Could your blog become a book?

I have written before about blogs being turned into books. At that time it was a bit of a novelty, but no longer. A very random check of the library catalogue comes up with 44 blog titles bought for this year, so far!  These titles range from self-help books to craft and travel. Some are only available as eBooks and are quite possibly self-published.  Others have been picked up by very mainstream publishers.  It makes sense then that when a blog has thousands of followers it will create quite a buzz for the book, creating an easy marketing exercise for publishers perhaps?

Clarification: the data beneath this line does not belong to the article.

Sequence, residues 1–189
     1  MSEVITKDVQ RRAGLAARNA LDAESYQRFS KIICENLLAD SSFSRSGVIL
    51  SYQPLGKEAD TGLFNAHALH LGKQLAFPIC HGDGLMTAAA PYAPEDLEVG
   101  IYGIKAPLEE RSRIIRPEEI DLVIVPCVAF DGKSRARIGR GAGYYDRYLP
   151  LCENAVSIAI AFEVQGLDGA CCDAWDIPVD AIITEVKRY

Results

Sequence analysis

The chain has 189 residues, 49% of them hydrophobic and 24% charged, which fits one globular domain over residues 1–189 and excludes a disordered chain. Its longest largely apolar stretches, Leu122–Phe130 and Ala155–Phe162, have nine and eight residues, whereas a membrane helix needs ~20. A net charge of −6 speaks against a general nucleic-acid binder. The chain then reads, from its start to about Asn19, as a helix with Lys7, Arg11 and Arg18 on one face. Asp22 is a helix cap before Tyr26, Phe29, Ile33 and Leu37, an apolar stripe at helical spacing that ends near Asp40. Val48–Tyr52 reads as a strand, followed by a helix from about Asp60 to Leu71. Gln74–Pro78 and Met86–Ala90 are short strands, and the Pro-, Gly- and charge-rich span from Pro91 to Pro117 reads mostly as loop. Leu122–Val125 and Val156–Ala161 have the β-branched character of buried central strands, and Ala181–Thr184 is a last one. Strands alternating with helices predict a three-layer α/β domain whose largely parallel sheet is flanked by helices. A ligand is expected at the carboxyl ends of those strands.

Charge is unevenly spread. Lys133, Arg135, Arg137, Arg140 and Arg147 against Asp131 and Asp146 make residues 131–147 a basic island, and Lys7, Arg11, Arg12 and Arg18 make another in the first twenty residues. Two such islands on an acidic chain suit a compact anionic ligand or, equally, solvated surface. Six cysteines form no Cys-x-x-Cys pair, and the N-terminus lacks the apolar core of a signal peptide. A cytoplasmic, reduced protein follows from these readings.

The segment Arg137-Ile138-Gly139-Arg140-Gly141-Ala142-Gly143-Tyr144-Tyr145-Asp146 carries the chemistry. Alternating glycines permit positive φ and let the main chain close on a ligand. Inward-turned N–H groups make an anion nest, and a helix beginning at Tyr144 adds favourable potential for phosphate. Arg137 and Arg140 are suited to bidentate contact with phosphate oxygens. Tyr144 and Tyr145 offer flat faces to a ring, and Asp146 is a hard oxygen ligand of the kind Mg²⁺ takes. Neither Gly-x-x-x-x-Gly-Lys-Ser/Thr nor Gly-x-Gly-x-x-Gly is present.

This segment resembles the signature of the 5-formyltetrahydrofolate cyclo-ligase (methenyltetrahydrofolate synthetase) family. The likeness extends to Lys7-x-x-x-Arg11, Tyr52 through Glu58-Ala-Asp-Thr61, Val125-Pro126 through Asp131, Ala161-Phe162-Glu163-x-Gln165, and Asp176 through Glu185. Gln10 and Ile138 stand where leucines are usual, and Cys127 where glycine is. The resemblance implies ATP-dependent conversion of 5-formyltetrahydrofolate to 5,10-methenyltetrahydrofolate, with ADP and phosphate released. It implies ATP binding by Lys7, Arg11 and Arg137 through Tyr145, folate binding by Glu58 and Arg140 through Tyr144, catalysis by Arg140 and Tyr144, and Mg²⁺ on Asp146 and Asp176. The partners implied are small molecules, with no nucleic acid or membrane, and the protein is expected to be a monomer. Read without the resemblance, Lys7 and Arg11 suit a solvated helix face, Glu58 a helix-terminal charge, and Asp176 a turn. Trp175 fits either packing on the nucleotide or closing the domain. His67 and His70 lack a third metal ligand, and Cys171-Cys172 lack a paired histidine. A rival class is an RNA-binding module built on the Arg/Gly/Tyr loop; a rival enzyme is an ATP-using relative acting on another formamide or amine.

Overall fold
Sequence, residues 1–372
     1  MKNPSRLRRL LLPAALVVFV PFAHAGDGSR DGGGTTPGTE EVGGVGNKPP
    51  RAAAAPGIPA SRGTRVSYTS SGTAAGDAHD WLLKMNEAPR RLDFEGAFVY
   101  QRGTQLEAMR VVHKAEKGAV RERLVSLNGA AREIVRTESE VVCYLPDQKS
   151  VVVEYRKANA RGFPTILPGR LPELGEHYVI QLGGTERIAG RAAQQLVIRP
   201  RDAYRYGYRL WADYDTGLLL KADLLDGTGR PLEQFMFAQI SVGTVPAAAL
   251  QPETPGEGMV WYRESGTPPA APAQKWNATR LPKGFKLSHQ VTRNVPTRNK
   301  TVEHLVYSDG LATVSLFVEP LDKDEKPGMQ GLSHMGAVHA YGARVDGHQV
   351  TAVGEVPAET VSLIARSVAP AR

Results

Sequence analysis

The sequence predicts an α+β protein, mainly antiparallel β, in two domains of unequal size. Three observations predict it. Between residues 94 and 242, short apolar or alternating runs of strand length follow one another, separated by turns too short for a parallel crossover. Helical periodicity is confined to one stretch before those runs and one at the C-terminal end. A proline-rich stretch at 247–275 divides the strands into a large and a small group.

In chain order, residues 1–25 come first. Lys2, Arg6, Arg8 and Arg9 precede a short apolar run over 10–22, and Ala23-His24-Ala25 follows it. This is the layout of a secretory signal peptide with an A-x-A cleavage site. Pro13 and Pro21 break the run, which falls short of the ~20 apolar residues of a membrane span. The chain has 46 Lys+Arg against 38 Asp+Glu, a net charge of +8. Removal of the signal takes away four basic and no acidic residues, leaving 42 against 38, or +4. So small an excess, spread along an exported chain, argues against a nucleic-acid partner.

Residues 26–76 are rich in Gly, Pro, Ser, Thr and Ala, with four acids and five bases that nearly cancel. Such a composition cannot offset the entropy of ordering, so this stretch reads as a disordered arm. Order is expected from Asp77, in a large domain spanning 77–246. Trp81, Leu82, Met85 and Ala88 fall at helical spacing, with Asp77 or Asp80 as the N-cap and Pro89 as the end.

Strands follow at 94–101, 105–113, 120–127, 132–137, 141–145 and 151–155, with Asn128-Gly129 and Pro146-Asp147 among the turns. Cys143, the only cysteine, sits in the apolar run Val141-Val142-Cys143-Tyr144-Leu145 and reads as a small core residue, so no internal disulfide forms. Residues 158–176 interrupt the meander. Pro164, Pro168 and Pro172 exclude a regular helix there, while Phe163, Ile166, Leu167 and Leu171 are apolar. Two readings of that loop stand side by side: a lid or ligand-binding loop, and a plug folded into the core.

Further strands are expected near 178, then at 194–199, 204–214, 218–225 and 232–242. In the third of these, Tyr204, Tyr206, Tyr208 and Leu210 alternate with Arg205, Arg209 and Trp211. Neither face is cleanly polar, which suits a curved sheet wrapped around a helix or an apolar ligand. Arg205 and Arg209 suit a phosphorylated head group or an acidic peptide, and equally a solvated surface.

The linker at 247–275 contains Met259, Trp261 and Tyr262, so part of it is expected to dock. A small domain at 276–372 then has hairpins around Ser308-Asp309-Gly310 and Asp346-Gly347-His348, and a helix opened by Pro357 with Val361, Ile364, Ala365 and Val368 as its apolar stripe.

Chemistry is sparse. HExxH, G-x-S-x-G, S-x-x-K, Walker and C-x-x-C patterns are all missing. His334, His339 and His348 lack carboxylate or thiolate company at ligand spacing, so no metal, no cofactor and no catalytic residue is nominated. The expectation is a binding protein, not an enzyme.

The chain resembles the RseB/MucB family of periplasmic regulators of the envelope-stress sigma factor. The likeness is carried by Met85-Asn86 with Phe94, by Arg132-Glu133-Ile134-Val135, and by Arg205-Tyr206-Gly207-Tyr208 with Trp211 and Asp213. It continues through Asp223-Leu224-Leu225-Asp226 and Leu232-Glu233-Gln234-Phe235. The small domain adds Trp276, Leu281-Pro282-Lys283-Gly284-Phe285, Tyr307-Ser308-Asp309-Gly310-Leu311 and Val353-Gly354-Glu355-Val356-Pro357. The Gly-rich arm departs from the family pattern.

Cover of Design Bloggers at HomeCooking, crafting, travelling or dealing with addiction and health issues etc., lend themselves well to a blog format. Alongside the ideas and information around their chosen topic the blogger often includes plenty of human interest; small titbits about their life making the  blog all the more enjoyable as you feel part of the their daily existence. The joy of the blog is therefore the interaction between the reader and the blogger, the up-to-the-minute experiences that you can click into on a daily basis, the highs and the lows shared, not to mention plenty of photos and tutorials.